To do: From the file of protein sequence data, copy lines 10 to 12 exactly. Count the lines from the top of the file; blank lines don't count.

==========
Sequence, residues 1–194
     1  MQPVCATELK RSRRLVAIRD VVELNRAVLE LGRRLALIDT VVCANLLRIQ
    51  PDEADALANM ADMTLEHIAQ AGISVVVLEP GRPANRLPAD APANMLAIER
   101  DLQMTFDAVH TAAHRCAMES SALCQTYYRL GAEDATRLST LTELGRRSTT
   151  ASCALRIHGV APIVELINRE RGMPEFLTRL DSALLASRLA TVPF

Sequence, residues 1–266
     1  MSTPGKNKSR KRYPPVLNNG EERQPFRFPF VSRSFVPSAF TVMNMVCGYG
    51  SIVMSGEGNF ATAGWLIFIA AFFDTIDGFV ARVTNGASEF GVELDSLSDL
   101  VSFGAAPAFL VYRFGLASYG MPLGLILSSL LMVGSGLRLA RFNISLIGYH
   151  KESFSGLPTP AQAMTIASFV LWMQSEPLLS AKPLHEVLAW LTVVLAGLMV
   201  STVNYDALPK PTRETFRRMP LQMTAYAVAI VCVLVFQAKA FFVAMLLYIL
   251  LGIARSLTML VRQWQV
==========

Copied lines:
   151  KESFSGLPTP AQAMTIASFV LWMQSEPLLS AKPLHEVLAW LTVVLAGLMV
   201  STVNYDALPK PTRETFRRMP LQMTAYAVAI VCVLVFQAKA FFVAMLLYIL
   251  LGIARSLTML VRQWQV